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Board Exams Must Be Scrapped Permanently

by Vijay Garg
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Is it really necessary to conduct Board exams? What purpose do they serve? Taking this year into account, Board exams for Class 10 students stand cancelled, and in some cases postponed, for two consecutive years—have there been any repercussions? Why even have Class 12 Board exams? These exams are only held so that children are certified to have acquired certain competencies at the end of their schooling life.
But is a 60- or 90-minute test, held inside the iron gates of the exam centre at the end of a 15-year school life, the only way to assess whether or not these competencies have been acquired?
Wouldn’t all school-going children have displayed various competencies they have acquired at multiple points in time during their school years? Why cannot these be captured and documented (as is done in many mature education systems and by many progressive schools even within our own education system) and at the end of 15 years, every child who has attended school gets a school-leaving certificate based on the portfolio of, let us say, the last four years of secondary school?
Some may argue not conducting Board exams will lead to a further drop in the quality of Indian school education. But the unfortunate truth is: our exam-centric system has pushed the quality of our education so low that it cannot plumb further. Holding these exams and failing children, whom we may not have been able to teach well for 15 years, is neither going to help the students nor society at large.
Despite several such reports stating the obvious, we continue to remain exam-obsessed, leading ourselves into an abyss coming out of which is not easy.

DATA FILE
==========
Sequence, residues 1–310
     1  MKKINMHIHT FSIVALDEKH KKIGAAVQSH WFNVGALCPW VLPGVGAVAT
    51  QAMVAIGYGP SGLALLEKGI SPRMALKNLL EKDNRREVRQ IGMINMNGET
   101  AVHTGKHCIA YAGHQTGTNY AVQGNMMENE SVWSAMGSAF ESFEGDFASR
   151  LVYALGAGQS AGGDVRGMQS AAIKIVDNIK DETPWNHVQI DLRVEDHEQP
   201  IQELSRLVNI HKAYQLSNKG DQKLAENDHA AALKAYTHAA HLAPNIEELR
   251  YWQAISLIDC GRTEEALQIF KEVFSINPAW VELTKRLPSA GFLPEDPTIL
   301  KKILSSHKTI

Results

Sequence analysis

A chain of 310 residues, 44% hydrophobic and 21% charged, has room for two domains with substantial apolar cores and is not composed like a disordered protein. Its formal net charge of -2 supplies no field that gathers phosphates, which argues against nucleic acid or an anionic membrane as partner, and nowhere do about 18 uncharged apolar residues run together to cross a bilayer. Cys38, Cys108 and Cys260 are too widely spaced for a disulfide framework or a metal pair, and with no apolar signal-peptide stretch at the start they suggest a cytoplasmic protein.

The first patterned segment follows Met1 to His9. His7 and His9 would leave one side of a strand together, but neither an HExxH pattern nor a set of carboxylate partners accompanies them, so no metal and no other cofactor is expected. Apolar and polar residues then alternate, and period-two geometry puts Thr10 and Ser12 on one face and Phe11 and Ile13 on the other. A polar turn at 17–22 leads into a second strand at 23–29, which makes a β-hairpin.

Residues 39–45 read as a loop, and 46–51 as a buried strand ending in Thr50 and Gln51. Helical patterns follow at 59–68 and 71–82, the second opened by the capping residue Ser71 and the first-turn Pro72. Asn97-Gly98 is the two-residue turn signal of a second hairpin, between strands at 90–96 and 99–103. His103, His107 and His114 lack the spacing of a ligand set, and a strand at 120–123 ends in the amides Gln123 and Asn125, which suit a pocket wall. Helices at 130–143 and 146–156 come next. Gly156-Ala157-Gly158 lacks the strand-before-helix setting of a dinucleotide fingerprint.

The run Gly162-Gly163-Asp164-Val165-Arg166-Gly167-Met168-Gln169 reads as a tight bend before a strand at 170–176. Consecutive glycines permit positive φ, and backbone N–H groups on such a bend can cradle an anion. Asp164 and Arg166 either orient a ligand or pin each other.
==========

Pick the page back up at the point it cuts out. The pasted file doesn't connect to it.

A key reason for lack of an overhaul is—the current system acts as a gatekeeper and favours those with socio-economic advantages. To compete in these high-stress summative assessments called Board exams, one needs exclusive cramming time and repetitive practice sessions which the ‘performing’ schools get their students to do and parents support that endeavour with extra hours and resources that go with it.
It is a national waste of time and resource as it leads to the mind getting number and not brighter. However, neither parents nor schools realiz each that this would not enable the child to contribute to nation-building, nor does it help them become an independent thinker, which is more crucial than ever as we progress into an uncertain 21st century.
This lack of awareness among parents and the disinclination of schools to chart the right path make sure that the system remains exam-centric and the society exam-obsessed. It also ensures that only those who can clear these high-stress exams are eligible for applying for higher education; the rest are labelled incompetent. Consequently, the same exam-centric outlook gets carried forward to the higher education system.
The only way our country can improve its floundering education system is by completely overhauling it.
Teaching only for tests is all that happens in our schools and this practice should be stopped. This would require an elimination of the Board exams at all levels—nothing short of it would enable us to get out of the educational malaise we are stuck in for more than a century now. And, this is the right time to do it because the ‘iron is hot’—we have not had these irrelevant Board exams, at least for Class 10, for two years.
Once the National testing Agency (which has already been established by the Ministry of Education) is able to provide its full array of services, it could offer assessments at various intervals each year (or on demand) so that the student can acquire the required credits in order to get a school leaving certificate. After all, one should realiz even that the entire theatrics of the Board exam serves just one purpose, to give students who have spent 15 years of their life going to school a school leaving certificate.
 if all children, unless they have not been able to attend school regularly, are given a school leaving certificate, what is the problem? They will anyway have to write university entrance exams to get into higher education.
If they have not learnt enough to be ready for higher education, they will not get admission in a university, but at least they will have a school-leaving certificate, which is their right having spent the mandatory number of years in a school. Board exams are redundant and regressive. It is time to discard them altogether.

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Imphal Times is a daily English newspaper published in Imphal and is registered with Registrar of the Newspapers for India with Regd. No MANENG/2013/51092


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